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Nerino J Petro Jr
Nerino J Petro Jr
Practice Management Advisor at State Bar of Wisconsin 
I am the Practice Management Advisor for the State Bar of Wisconsin’s Practice411™ Law Office Management Assistance Program. The mission of Practice411™ is to help attorneys operate their offices more effectively and efficiently.
Posted in Technology / Hardware

How-To Geek: Complete Guide to Networking Windows 7 with XP and Vista

Apr. 20, 2010 12:45 pm

If you've ever tried to network a Windows Vista or Windows 7 computer with computers running Windows XP and you still have hair, you're one of the lucky ones. Because of changes in the security settings and OS, Vista and Win 7 don't like to play nice on a Windows XP network but chances are that you need to get at least two of these three operating systems to talk to each other so you can share data. Enter the How-To Geek website with a great set of instructions on how to amke this process as pain free as possible.For those of you not familiar with the How-To Geek website, its a terrific resource for, well, How-To guides on technology. How-To Geek strives "To be the best source of How-To articles anywhere, with content easy enough for beginners but useful enough for geeks as well." I've found that it lives up to this goal and has been extremely helpful as I've sought answers to questions on how to accomplish something on my computer.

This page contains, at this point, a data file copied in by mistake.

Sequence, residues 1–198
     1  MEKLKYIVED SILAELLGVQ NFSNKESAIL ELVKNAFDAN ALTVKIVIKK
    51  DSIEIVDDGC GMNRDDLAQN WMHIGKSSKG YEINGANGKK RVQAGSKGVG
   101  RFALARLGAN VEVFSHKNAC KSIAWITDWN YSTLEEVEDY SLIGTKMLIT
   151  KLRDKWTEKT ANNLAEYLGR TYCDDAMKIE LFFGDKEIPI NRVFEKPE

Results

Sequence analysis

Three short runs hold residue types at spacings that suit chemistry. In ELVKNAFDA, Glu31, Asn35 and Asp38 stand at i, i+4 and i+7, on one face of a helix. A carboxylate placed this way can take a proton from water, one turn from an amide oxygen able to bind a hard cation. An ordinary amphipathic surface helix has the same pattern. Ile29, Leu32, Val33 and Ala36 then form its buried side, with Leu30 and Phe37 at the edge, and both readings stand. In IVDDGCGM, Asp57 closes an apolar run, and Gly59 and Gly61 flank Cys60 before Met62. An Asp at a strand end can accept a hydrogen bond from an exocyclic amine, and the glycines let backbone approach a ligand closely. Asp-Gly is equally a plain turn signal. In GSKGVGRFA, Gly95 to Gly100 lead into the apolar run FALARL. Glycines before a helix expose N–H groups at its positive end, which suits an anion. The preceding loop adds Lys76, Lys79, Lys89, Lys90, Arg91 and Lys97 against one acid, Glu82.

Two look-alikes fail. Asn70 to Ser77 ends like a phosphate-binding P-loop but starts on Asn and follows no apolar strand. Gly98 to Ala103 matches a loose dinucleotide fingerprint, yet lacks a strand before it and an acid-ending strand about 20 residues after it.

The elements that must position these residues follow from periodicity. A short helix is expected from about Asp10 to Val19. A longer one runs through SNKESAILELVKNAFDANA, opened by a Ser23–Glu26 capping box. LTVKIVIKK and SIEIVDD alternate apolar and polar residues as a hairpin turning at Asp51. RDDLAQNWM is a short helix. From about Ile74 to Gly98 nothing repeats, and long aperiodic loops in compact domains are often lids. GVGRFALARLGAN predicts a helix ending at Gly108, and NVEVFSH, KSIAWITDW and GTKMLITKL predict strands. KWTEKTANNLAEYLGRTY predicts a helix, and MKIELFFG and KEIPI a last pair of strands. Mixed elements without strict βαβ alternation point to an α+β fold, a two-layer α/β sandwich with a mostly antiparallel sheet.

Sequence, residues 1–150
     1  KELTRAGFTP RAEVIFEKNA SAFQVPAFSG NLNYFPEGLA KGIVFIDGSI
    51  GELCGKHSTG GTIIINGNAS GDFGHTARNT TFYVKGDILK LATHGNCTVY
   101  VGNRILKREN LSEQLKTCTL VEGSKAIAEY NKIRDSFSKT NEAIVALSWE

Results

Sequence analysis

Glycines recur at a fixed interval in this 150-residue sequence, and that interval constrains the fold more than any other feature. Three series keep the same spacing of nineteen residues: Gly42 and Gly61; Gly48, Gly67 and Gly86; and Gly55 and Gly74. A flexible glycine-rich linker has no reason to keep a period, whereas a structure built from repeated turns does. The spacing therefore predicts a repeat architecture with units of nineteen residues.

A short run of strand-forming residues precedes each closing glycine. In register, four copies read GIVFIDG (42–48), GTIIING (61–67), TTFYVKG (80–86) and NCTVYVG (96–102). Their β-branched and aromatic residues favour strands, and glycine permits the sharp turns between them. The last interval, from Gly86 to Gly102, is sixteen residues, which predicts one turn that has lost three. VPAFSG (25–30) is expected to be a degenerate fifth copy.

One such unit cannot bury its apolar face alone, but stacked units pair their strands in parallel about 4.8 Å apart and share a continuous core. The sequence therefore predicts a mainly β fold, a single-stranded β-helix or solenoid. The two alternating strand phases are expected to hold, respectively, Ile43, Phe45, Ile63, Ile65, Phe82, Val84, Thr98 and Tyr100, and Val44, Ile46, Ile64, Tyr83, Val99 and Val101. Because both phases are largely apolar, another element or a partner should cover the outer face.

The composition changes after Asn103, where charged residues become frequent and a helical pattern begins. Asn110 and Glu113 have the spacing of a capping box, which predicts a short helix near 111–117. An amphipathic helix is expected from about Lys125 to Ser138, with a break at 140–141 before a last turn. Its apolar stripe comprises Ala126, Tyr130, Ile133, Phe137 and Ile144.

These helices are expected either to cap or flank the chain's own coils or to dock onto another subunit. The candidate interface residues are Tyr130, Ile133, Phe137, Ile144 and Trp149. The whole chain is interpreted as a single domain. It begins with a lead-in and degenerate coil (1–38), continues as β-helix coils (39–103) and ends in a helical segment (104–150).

For the Windows 7 How-To guide, How-To Geek states the following for the need for this guide:

Since there are three versions of Windows out in the field these days, chances are you need to share data between them. Today we show how to get each version to be share files and printers with one another.

In a perfect world, getting your computers with different Microsoft operating systems to network would be as easy as clicking a button. With the Windows 7 Homegroup feature, it’s almost that easy. However, getting all three of them to communicate with each other can be a bit of a challenge. Today we’ve put together a guide that will help you share files and printers in whatever scenario of the three versions you might encounter on your home network.

The Windows 7 guide includes detailed, step-by-step instructions and graphics to help you connect Win 7 to Win XP machines as well as Vista to XP and Win 7 and Vista. There are also segments on drive mapping and printer sharing as well.

So if you are thinking of getting a new Windows 7 machine but have held off due to the horror stories you may have heard about getting it to work with your XP network, check out this guide and take the plunge.

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It was a noble 10-year experiment, but it turns out that the writers with the best content are the least adept at the tech required to publish under our model, which in hindsight, makes perfect sense. If you are dedicating your life to becoming an expert in your specialty, you don’t have a lot of time left for figuring out publishing tech.

It hasn't helped that we have entered an age of unprecedented polarization and antagonism which doesn't foster demand for a website dedicated to the respectful engagement of diverse views.

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